How to get your firearm licence in New South Wales (NSW)
To get a firearm licence in New South Wales (NSW) you will need to visit the New South Wales Police website. But sometimes you just want the information in plan English right? Below we’ve outlined the main things you need to order to get a gun licence in new South Wales. This article information about firearms and regulation and licence requirements including long arm (centrefire, rimfire and shotgun) as well as handgun application requirements.
To skip to a specific firearm type click on the links below.
Step 1: Get your 'genuine reason' sorted!
To get a firearm licence you’ll need to a have what’s called a ‘genuine reason for owning a firearm‘. This is a legal requirement which you will need to state on your NSW firearm application and it’s best to sort it out before you do anything else.
If your intention is to use the firearm for ‘Recreational Hunting’ you’ll be looking for a Category A & B firearm licence and you need to be a member of an approved hunting club (AHO).
Step 2: Book in your firearm safety course
Now that you’ve sorted out your genuine reason you can move forward with booking your NSW firearm safety course.
There are a number of different places you can do your firearm safety course.
Below is a short list (but there are more)
Step 3: Applying for your New South Wales firearm licence online
Once you are logged into your account you can begin the process of applying for your licence.
Note to successfully complete the application you will need the following.
- A NSW Police Force Community Self Service Portal Account
- Proof of identity documents (e.g. Driver licence and Medicare card)
- A firearms safety training certificate
- Your supporting documentation for your Genuine Reason/s (hunting club membership certificate)
- A current credit card (Visa or Mastercard) for payment
Step 4: Deliberation process
Due to a legislative requirement new firearm licence applications cannot be issued until 28 days has passed from the date of completion. Furthermore it can take up 14 days for your application to be assessed. Therefore it can take up to 42 days before you know whether or not your application has been successful.
You can track the process of your application through the NSW Firearms Registry Customer Portal.
Note – your application may be denied if you have a criminal history or intervention order against you or if you have a record of physical or mental illness which evidence suggests would exclude from owning or using firearms. It is possible to get a firearm license even under these conditions, however it might involve you to undergo additional application processes and investigation.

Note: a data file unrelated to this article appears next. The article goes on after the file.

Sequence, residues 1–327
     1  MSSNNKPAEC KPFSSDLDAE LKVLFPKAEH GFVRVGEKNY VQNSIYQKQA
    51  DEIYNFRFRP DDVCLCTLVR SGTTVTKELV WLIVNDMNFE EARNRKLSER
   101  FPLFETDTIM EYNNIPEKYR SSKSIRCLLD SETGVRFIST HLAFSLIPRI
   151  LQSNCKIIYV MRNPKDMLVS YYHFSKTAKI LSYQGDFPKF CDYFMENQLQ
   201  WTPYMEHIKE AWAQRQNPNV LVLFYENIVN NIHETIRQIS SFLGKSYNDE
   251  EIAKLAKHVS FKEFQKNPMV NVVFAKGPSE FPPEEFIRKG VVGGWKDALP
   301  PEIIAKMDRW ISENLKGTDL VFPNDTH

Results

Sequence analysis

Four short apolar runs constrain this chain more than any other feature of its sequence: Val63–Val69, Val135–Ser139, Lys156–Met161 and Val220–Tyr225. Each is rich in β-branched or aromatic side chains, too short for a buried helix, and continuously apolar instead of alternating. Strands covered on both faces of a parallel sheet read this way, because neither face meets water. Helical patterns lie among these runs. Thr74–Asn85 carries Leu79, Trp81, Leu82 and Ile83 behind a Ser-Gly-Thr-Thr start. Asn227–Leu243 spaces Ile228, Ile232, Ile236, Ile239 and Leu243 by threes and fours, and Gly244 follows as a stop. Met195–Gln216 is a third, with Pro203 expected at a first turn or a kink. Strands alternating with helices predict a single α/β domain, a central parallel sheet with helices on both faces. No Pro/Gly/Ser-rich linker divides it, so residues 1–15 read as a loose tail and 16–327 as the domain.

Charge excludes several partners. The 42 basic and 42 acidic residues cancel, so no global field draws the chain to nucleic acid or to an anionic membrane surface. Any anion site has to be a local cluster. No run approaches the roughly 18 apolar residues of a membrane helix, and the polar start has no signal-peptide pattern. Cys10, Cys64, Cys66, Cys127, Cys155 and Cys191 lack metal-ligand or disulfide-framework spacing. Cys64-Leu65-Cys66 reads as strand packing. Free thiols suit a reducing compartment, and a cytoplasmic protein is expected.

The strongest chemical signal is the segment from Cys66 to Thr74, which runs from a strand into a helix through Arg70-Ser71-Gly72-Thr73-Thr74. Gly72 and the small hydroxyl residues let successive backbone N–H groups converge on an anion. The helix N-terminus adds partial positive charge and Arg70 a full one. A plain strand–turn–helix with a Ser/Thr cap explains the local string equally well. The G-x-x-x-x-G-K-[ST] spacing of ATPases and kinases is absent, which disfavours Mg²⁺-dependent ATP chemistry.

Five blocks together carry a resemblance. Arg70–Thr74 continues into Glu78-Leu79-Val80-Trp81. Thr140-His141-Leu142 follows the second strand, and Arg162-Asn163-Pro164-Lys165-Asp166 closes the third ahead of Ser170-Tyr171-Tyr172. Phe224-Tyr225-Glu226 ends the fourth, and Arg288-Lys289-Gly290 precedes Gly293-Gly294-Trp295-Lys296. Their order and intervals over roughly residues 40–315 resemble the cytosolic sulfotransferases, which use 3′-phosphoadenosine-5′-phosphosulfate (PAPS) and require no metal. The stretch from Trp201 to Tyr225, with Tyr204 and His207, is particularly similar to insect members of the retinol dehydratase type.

Step 5: Photo Advice letter
If your NSW firearm licence application is approved by the NSW Firearms Registry, a ‘Photograph Advice letter‘ will be mailed to you to
This letter will provide you with instructions on where you are to attend a Service NSW Centre to have your photo taken. Don’t forget to bring in your the Photograph Advice and proof of identity documents to the Service NSW Centre prior to the expiry date printed on the Photograph Advice, otherwise it won’t be valid.
Once you get your Photograph Advice it is valid for 60 days. If the Photograph Advice expires before you attend a Service NSW Centre, you will need to submit another application.
Once your photo is taken, the licence card will be sent to you in the mail.
Step 6: Purchasing your first firearm
Once you receive your NSW gun licence in the mail you can proceed in purchasing your first firearm.
You can only purchase firearms, ammunition, firearm parts and firearm accessories if you have a current New South Wales firearms licence. That licence must allow you to carry and use those items. That is to say you will only be able to purchase a firearm or ammo as it relates the type of licence you obtained (category A, category B or both
Finally in order to purchase a firearm you must also have a Permit to Acquire issued by NSW Police.
If this is the first time you are purchasing a firearm there is a legal legislative requirement that enforces a 28 day waiting period from the date you buy the rifle. This means from the date you walk into a gun store and buy the rifle you will need to wait 28 days before you can pick it up.